Engineering a global career

Name: Lynsay Thomson  
Age: 33  
Job: Senior quality engineer
Company: Global SCS


I am lucky to have a lot of variety at work. I help numerous oil industry clients with their quality processes, so the type of work and where I do it varies enormously. I could be waking up at home in Aberdeen, or in a hotel on another continent.

If I am in Aberdeen,  I usually get up at 6.45am. I stay in the city centre so, after a shower and breakfast, I catch the train out to the Global SCS office at Dyce and I am at my desk for 8am. It's great to miss the rush-hour traffic on the roads and I use the time on the train for planning the day ahead.

My projects at Global SCS can vary in duration from just a few weeks up to many months. Most of my work is screen-based and involves preparing quality risk-mitigation plans for oil industry projects anywhere in the world.
Global SCS specialises in providing quality engineering, technical auditing, third-party inspection and contracts and procurement services.

For example, I was involved in one drilling campaign in Africa where equipment was being manufactured in Houston, Singapore, Romania and China. I had to arrange inspections of the goods at the suppliers' premises before dispatch to make sure the equipment was fit for purpose.

If this process is not done properly there can be a huge cost impact to the operator and potentially create life-threatening situations. That job involved many communications through meetings, daily phone calls and numerous e-mails over an eight-month period.

Lynsay Thomson

My most recent six-month assignment saw me being located at a client’s offices in Holland from Monday to Friday and flying home at weekends.

Since I was missing university evening classes, I had to spend my nights studying and keeping up momentum in order not to fall behind.
Global SCS is continually looking at fresh expansion opportunities both at home and overseas, and that will benefit me.

We recently opened offices in the Middle East and already have a presence in the US, Australia and Norway – so I will have the chance to regularly work out of all those locations too.

The continued growth and internationalisation of Global Energy Group will also see me doing more work for sister companies at home and abroad.

There are a lot of rivals out there to Global SCS, but what I think makes the difference is our continued major investment in staff, so customers worldwide can benefit from our industry-leading level of service.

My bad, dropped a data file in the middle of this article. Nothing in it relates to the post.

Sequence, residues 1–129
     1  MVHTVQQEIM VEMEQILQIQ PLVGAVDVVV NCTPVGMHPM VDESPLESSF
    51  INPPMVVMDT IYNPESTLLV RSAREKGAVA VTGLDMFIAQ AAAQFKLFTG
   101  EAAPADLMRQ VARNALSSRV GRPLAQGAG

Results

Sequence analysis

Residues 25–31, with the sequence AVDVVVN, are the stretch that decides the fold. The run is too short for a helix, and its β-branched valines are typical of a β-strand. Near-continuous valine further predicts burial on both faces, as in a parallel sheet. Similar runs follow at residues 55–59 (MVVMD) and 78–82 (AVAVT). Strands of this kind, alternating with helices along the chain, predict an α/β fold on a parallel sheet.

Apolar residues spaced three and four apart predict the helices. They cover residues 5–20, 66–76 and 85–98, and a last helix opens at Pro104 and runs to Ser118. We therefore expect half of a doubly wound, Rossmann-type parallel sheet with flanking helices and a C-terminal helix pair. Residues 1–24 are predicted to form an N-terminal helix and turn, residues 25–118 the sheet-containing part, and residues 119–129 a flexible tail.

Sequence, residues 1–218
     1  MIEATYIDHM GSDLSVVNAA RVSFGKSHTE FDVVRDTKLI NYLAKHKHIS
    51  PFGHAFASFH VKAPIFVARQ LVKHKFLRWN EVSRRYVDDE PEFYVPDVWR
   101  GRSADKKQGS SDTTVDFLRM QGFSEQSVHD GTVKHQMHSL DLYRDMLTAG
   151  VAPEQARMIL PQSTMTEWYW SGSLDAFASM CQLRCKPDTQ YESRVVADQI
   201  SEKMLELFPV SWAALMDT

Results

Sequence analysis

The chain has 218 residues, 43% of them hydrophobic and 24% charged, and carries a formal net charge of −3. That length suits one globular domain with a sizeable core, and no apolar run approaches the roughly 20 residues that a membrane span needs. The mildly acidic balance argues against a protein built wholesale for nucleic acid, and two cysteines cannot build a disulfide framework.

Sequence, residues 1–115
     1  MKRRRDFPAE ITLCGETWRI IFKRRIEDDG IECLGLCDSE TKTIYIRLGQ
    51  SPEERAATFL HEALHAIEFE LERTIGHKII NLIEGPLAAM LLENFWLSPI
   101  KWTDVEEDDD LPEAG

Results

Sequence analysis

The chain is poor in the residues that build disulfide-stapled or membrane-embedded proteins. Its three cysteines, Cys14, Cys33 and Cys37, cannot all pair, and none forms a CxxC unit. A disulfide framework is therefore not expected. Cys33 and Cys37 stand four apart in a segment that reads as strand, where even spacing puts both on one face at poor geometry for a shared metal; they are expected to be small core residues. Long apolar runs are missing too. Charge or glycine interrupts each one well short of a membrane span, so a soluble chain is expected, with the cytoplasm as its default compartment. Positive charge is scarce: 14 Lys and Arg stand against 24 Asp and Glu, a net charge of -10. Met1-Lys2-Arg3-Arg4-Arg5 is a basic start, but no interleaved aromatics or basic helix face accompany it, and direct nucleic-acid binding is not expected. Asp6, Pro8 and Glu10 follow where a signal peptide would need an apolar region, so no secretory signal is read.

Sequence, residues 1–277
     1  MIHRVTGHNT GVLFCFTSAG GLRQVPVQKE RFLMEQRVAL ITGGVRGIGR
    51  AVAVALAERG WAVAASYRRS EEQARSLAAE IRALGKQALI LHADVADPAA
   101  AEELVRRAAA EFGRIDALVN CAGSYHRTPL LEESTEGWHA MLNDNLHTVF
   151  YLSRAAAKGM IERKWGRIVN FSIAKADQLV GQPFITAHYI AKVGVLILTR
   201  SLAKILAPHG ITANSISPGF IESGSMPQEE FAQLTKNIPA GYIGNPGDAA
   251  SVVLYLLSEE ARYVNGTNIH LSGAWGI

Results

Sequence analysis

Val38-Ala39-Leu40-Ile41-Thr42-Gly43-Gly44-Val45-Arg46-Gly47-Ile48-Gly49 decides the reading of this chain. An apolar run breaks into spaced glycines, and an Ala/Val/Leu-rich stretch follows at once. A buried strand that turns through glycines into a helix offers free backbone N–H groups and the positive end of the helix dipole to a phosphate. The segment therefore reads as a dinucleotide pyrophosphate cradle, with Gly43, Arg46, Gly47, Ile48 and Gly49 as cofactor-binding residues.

This was officially recognised earlier this year when we received three top Investors in People (IIP) awards.

Global SCS now has Gold accreditation, which represents a true commitment to employees and puts the business in the top 7% of IIP clients. In addition, the company has been recognised for investing in young people, plus for the health and wellbeing of its workforce.


Apart from occasionally having a walk round Dyce to stretch my legs and get some fresh air, there is not a lot to do here at lunchtime.

So it just tends to be soup and a sandwich at my desk, a catch-up with colleagues and then back to work.


Afternoons can be similar to mornings, either communicating with suppliers or clients, dealing with e-mails, attending meetings either at Global SCS or client offices, though it just depends on the latest project I am working on.

I do try and get out and attend inspections as much as possible, which helps me develop my knowledge for the equipment, the quality control tests being performed and gain a further understanding of local manufacturers and service providers.

Lynsay Thomson and Tommy Hillock


I do have more spare time in the evenings these days, after spending the last four years studying at nights for my BSc in Mechanical Engineering. Unfortunately my hobbies – scuba diving, hill-walking and skiing – did take a bit of a back seat for a while due to a lack of time, though I hope to get back into them.

I feel my studies will pay dividends, as gaining my BSc will help me with my career advancement going forward. I would like to see more women study engineering because of the big opportunities out there in all energy sectors worldwide.


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